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Tiller Gordon William (Will)

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Fast Facts
Type of person Individual
Date of birth 1929
Place of birth Grace PLains
Principal occupation Farming
Date of death 2011
Place of decease Mallala Hospital

THE LIFE OF GORDON WILLIAM TILLER 7/6/1929 - 31/12/2011

Eulogy compiled and presented by Anne Arbon (nee Tiller - Niece)

Uncle Gordon or " Will" to most of us was the second child of Charles Frederick and Mary Victoria Tiller. His elder sister was Gladys Mary, deceased at the age of 17 years. He was born at the Balaklava Hospital on June 7th 1929. It was a drought year in which the wheat crops realised only 100 bags. He attended Pinery School completing Year 8, after which he came home to "Tillevan" at Grace Plains following his older brothers and sisters to work on the family farm. He attended Grace Plains Methodist Sunday School and later for many years was a congregation Church Steward.

As his half brothers and sisters: Nell, May, Tom, Dick, Delph and Sister Gladys were older, he spent much of his childhood as quote "a much loved little boy, who never did naughty things." It would be fair to say that Gordon was possibly a loner, adored by his sisters, and therefore well protected in his childhood. Needless to say his family was an important part of his life . Remaining a Bachelor, his adult life was spent with Tom farming the original "Tillevan" and the more recently purchased land. Nell and Delph completed the foursome. Gordon's other Half brother Jack and Half sister Vera, lived away from the family home, but many visits to each of these siblings and their families, involved much enjoyed car trips to Jack' s farm at Warnertown , and Vera' s home in Stepney .

Gordon took great pleasure making " many purchases" in his adult life. The buying of a particular item or equipment required much time, discussion and pondering as the confidence to step out often seemed to elude him. However many items were acquired. We well remember the "tow wagons" and the "diesel engine in the Hillman !" and especially, the purchase of fishing tackles. From an early age Gordon had a great fascination with fishing, or the trying thereof! This carefully chosen equipment was put to the test with very thorough detail, often without a great deal of return. Nevertheless his enjoyment was as always " in the pursuit." Apparently Gordon was drawn to the sea, he especially enjoyed his visits to Fisherman' s Bay visiting Jack ' s family, visits to Pt Parham where Vera's family holidayed, and also to his relatives , the Karklin' s family at Pt. Hughes and Wallaroo. Later he purchased not one, but two boats - well they were nice to look at!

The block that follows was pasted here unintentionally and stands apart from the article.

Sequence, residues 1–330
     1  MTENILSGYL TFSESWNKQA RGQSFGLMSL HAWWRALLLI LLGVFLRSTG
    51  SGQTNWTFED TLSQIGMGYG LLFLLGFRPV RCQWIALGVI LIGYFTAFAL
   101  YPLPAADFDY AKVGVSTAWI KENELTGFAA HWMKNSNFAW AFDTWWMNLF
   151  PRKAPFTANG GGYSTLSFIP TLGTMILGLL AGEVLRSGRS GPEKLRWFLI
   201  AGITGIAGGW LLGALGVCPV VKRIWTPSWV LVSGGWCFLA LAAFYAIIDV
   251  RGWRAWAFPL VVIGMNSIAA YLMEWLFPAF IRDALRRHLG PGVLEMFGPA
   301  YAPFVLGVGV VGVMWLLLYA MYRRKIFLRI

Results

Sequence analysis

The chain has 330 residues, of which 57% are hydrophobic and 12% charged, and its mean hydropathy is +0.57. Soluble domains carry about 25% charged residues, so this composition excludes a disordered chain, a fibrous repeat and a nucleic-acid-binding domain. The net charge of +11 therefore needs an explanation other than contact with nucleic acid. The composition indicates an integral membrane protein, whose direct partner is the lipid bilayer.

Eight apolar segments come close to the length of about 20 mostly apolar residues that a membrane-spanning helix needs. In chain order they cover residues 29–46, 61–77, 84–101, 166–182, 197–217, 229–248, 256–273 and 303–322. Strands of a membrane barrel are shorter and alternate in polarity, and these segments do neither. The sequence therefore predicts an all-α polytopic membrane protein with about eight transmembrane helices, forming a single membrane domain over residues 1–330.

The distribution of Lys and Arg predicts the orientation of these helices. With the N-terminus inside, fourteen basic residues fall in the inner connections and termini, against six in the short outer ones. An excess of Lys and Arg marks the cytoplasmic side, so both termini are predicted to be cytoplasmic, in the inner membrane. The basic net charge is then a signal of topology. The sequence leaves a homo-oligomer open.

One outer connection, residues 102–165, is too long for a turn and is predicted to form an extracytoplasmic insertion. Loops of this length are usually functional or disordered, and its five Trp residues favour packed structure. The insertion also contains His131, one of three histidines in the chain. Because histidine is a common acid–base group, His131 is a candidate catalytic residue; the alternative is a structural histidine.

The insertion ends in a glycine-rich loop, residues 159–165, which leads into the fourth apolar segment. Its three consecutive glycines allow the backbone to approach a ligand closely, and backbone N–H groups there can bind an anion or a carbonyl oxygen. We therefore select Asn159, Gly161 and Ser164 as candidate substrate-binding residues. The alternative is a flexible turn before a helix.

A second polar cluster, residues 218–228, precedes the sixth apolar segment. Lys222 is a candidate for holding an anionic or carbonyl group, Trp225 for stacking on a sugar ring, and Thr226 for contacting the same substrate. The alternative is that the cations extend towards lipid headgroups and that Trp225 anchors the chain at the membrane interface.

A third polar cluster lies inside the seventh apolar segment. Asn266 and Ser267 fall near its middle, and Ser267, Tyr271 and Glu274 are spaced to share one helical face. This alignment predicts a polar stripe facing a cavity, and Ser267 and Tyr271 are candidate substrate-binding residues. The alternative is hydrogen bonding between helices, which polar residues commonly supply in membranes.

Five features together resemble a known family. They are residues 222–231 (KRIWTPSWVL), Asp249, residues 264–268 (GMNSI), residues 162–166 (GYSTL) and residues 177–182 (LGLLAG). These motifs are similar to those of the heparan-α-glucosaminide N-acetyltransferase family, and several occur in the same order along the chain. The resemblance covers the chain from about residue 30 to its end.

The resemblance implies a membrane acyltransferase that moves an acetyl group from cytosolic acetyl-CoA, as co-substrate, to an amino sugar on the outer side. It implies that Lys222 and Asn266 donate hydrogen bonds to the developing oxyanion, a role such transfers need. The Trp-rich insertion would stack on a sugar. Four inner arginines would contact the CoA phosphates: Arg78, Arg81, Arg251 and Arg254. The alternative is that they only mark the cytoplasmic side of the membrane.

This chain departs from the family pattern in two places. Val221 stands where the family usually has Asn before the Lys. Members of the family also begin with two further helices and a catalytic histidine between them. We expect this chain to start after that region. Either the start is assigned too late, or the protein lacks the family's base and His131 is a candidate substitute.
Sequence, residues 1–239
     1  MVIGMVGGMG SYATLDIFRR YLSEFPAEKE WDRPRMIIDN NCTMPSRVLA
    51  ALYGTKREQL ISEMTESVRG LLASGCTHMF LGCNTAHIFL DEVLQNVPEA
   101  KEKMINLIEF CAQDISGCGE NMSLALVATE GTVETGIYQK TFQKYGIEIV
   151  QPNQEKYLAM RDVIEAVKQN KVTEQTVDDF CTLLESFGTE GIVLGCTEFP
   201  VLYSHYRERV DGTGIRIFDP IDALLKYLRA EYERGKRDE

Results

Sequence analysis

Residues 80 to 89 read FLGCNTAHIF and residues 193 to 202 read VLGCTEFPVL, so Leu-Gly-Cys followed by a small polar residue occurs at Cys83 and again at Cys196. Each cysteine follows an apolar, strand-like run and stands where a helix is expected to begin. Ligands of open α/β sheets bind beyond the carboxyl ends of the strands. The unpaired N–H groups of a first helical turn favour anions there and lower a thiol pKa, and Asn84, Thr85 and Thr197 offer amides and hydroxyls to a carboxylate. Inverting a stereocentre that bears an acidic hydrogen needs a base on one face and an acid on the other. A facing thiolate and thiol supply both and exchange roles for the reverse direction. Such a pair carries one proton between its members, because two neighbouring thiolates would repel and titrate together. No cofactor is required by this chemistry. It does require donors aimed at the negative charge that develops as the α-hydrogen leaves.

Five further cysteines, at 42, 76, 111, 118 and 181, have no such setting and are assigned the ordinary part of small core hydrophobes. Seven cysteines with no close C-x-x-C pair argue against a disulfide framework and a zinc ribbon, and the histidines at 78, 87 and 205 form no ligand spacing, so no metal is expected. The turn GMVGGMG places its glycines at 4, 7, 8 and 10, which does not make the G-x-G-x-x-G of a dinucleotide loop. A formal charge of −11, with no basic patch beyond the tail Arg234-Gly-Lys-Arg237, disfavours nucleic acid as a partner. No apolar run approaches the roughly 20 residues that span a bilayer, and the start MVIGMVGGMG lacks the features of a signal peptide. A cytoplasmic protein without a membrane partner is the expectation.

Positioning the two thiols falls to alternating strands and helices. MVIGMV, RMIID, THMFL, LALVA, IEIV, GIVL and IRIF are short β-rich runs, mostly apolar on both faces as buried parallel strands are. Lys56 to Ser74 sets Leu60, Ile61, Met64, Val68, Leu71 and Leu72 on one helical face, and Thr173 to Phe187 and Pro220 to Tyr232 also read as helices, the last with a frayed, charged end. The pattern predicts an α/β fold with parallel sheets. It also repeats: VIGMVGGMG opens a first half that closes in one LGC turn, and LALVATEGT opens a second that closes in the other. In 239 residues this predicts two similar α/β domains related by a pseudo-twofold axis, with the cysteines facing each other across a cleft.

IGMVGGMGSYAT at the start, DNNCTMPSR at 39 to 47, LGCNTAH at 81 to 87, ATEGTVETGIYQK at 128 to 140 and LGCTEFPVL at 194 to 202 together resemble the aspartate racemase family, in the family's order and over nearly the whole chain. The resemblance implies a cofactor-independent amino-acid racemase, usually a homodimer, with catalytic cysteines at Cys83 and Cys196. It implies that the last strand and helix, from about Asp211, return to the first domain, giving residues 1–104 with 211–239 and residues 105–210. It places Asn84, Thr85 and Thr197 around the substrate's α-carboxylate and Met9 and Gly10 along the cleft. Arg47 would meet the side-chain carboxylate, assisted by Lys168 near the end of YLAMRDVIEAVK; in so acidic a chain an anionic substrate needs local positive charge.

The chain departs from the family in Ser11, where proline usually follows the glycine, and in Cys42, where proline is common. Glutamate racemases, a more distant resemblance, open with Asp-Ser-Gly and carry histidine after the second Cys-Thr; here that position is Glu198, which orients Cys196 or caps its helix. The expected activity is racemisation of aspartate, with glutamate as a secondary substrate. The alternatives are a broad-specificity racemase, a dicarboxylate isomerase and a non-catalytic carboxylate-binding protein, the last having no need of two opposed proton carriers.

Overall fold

As children and on into my and Helen' s married life , our holidays were never complete without the arrival, firstly of the 3 tonne Ford V8 Customline and later a selection of grey/silver Fairlaine' s slowly chug ging/arriving at our holiday campsite for the annual " visit." Fish and chips for lunch, the mandatory snooze, followed by the selecting of the required tackle to "drop a line ." A picnic tea before home-time came next - there was little need for the cleaning of any fish! In later years, a meal at the local pub was included. Our Easter family camps and all our special functions were always attended by the " home ones." For many years, Gordon took Nell, Delph, and Tom on various Sunday drives. Picnics of Fish and chips and ice-creams were enjoyed at many a beach or park often just watching boats launch or return.

Gordon travelled to " town" regularly to manage his business affairs. In the early years first stop for the four was coffee at May' s, then into the city. Later when driving became difficult, Helen became his designated driver to Gawler . These were very pleasant outings and included a long lunch at the Gawler Arms. In more recent times both Helen and I enjoyed taking Delph and Gordon to Balaklava and Gawler for shopping and appointments, always followed with lunch. Our help was happily accepted, as coming to terms with the loss of his licence was the first ever experience of not having a freedom he had always valued.